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When Karl Marx declared religion the opium of the people, he voiced a central tenet of the philosophy that bears his name. In this collection of essays and letters by Marx and his colleague, Friedrich Engels, the founders of Marxism discuss their perspectives on the origins and essence of religion. These writings constitute the theoretical basis of proletarian Marxist atheism.
The authors trace the rise of religious belief from primitive humans' struggles to explain natural phenomena to the modern-day exploitation of the working classes. They explore the role of religion in social structure, defining it as a method of oppressing the masses, who surrender their hopes for earthly fulfillment in exchange for dreams of paradise. The philosophers further examine the conflict between science and religion, illustrating the church's long-standing opposition to the development of scientific thought. Written between the 1840s and the 1890s, the essays and letters appear in chronological order and include editorial notes. Students of history and political science will find this volume a thought-provoking introduction to Marxist theory.
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Described as one of the most influential figures in human history, Karl Marx was a German philosopher and economist who wrote extensively on the benefits of socialism and the flaws of free-market capitalism. His most notable works, Das Kapital and The Communist Manifesto (the latter of which was co-authored by his collaborator Friedrich Engels), have since become two of history s most important political and economic works. Marxismthe term that has come to define the philosophical school of thought encompassing Marx s ideas about society, politics and economicswas the foundation for the socialist movements of the twentieth century, including Leninism, Stalinism, Trotskyism, and Maoism. Despite the negative reputation associated with some of these movements and with Communism in general, Marx s view of a classless socialist society was a utopian one which did not include the possibility of dictatorship. Greatly influenced by the philosopher G. W. F. Hegel, Marx wrote in radical newspapers from his young adulthood, and can also be credited with founding the philosophy of dialectical materialism. Marx died in London in 1883 at the age of 64.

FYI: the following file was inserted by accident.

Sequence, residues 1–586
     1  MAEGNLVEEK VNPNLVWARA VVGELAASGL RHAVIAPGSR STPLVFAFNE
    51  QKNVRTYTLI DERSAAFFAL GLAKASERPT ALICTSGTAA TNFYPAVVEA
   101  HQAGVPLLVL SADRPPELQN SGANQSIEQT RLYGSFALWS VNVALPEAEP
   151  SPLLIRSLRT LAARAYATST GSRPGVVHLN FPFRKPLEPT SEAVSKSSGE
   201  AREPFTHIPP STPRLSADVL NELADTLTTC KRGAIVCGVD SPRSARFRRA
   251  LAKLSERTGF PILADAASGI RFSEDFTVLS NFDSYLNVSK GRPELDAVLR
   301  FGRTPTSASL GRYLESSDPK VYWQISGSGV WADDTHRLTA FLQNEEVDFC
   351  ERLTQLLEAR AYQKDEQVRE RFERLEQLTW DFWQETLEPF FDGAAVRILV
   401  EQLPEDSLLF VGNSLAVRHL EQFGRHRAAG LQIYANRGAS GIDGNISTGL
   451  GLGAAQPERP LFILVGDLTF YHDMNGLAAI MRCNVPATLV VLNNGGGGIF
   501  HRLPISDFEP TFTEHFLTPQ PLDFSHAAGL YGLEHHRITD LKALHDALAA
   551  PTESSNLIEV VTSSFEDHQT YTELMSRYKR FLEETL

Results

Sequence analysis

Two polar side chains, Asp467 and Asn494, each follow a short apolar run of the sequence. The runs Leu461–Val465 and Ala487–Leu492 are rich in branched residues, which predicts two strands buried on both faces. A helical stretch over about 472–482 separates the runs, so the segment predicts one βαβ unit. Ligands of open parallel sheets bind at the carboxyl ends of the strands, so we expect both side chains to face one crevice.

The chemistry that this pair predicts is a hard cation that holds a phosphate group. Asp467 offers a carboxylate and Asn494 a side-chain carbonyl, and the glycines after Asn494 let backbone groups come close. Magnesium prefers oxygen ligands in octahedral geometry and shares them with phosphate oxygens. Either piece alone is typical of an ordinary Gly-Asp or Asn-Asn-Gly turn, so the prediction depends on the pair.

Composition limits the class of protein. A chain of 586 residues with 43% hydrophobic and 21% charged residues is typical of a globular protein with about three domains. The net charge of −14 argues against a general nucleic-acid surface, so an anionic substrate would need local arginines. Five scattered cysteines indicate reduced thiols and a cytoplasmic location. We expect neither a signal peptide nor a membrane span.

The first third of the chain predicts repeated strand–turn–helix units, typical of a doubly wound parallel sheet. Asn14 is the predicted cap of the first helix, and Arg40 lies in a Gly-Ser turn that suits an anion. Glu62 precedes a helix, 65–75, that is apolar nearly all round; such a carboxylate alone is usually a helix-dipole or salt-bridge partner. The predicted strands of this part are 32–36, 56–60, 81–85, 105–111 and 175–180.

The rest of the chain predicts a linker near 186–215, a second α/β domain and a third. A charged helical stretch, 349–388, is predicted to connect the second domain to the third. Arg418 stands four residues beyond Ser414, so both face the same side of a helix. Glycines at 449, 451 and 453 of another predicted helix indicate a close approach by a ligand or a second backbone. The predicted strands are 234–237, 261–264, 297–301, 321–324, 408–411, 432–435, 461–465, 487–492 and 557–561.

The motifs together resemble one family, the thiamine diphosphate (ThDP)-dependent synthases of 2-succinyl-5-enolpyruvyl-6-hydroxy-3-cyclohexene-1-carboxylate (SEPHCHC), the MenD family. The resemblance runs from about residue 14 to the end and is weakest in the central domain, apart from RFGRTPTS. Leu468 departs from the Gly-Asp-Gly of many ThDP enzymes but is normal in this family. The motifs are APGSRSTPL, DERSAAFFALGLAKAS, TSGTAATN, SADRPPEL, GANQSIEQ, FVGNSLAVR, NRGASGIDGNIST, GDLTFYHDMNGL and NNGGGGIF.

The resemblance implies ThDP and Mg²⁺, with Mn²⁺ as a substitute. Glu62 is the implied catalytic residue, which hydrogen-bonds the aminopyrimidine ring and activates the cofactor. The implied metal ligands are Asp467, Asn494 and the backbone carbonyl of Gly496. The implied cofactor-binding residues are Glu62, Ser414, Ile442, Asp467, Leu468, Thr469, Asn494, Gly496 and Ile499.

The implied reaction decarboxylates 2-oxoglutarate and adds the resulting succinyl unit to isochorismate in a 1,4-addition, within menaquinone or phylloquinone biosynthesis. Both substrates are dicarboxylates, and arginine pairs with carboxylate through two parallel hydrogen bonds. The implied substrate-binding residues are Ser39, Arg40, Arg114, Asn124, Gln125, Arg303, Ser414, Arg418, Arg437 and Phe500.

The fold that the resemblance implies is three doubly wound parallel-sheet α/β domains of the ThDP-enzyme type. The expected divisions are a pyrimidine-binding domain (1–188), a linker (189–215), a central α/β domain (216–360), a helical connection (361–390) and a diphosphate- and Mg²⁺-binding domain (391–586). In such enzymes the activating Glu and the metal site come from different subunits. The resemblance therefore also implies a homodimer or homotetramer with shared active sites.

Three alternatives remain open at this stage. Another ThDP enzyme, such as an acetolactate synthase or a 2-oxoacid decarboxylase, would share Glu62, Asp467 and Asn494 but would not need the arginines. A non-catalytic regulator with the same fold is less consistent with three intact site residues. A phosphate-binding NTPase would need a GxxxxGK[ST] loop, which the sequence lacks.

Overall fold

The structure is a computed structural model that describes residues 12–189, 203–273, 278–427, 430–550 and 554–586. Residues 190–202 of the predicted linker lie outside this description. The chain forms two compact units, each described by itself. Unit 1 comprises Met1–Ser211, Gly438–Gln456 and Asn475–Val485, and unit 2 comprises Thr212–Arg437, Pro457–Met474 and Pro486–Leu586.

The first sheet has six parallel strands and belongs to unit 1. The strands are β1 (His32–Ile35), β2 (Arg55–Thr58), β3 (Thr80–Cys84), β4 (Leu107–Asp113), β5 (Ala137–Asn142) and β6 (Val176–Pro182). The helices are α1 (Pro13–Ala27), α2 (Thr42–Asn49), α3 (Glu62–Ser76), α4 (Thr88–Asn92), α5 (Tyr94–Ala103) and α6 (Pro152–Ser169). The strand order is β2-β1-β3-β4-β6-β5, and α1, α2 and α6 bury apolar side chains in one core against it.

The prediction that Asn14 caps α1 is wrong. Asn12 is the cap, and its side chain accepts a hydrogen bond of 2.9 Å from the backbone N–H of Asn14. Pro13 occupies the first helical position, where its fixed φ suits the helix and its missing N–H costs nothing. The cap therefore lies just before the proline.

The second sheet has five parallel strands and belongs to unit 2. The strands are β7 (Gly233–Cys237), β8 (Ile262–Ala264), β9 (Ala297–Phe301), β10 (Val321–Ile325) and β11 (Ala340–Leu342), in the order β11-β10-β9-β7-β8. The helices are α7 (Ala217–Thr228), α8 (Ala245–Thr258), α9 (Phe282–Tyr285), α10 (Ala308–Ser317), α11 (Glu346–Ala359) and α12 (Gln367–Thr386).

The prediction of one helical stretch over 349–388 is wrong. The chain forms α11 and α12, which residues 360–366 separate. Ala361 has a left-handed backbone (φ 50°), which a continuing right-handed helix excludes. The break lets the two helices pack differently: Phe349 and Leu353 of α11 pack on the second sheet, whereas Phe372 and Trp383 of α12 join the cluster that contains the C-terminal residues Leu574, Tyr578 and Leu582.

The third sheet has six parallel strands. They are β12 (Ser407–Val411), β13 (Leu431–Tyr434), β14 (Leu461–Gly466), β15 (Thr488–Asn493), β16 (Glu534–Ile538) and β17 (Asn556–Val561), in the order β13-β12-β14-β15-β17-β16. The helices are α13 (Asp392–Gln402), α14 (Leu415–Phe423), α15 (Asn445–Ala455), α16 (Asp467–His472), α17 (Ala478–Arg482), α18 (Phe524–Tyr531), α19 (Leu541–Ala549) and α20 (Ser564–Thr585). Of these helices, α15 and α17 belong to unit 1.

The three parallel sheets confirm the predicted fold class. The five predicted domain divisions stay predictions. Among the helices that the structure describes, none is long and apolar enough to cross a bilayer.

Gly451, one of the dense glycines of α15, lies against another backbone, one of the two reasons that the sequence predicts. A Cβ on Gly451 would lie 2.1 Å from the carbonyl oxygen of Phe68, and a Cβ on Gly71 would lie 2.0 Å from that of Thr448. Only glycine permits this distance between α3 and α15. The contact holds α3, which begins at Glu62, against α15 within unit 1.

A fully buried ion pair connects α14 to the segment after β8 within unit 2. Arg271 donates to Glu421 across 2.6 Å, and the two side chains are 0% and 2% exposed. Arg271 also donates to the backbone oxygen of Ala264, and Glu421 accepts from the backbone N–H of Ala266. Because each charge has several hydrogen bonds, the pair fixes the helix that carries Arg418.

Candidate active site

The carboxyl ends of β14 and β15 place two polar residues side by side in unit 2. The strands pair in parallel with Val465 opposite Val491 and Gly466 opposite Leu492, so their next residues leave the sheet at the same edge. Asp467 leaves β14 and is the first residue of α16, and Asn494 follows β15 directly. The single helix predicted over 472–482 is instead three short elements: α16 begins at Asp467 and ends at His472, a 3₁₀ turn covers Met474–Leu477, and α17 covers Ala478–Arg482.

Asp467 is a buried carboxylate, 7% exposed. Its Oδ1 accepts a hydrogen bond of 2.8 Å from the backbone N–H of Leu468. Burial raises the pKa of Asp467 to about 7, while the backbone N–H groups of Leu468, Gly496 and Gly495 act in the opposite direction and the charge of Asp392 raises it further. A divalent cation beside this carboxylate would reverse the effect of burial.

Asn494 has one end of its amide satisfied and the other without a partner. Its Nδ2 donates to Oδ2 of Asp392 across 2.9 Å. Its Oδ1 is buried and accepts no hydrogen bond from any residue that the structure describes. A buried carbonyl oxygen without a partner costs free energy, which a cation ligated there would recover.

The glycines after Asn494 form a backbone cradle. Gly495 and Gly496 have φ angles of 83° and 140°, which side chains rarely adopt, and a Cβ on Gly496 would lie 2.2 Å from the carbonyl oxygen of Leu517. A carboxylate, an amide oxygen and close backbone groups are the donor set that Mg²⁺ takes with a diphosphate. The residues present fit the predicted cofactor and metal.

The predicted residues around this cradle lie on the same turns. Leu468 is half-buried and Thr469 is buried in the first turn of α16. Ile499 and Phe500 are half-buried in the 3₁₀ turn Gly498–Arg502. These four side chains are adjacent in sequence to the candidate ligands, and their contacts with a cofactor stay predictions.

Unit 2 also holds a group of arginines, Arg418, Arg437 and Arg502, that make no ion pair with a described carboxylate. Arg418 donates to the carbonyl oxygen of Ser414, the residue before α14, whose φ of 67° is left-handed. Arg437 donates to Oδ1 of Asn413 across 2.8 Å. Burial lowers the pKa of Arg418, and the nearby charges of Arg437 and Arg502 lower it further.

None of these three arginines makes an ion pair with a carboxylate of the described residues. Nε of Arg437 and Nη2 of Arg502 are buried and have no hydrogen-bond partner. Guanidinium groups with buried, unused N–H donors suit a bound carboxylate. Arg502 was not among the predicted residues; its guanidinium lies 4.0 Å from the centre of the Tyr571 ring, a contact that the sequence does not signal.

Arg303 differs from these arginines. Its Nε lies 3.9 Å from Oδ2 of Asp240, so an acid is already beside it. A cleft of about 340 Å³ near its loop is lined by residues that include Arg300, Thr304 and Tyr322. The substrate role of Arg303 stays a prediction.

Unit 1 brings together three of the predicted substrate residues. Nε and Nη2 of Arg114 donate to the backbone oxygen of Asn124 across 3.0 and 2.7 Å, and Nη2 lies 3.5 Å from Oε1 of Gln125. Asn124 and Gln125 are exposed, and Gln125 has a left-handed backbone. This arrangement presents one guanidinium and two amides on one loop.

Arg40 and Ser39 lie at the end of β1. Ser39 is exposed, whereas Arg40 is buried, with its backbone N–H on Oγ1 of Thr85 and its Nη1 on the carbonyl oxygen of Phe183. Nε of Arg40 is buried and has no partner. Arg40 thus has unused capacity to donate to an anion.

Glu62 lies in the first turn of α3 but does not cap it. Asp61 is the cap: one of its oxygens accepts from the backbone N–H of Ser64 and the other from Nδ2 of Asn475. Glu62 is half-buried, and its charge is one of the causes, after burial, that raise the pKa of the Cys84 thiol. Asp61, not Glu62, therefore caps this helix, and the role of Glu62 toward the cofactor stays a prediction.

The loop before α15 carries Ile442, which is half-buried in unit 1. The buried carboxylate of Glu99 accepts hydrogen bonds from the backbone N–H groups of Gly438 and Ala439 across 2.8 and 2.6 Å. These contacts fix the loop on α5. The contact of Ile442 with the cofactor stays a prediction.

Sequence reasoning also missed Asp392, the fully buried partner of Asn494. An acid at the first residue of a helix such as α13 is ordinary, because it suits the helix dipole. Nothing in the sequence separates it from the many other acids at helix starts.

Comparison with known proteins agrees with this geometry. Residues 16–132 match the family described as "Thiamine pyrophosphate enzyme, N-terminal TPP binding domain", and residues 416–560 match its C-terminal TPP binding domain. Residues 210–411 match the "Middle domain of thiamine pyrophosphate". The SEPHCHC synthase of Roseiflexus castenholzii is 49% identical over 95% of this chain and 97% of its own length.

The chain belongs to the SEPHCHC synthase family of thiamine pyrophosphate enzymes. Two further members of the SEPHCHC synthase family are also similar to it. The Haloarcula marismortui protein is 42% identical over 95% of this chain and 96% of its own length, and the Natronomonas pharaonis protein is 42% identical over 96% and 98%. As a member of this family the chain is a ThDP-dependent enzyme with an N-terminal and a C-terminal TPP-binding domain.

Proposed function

Friedrich Engels was born in 1820, in the German city of Barmen. He died in London in 1895 while editing the fourth volume of Capital.
Text: English, German (translation)
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Book Description Mcgraw-hill Inc, 1974. Paperback. Condition: New. Never used!. Seller Inventory # P110070480966
Book Description Mcgraw-hill Inc, 1974. Condition: New. book. Seller Inventory # M0070480966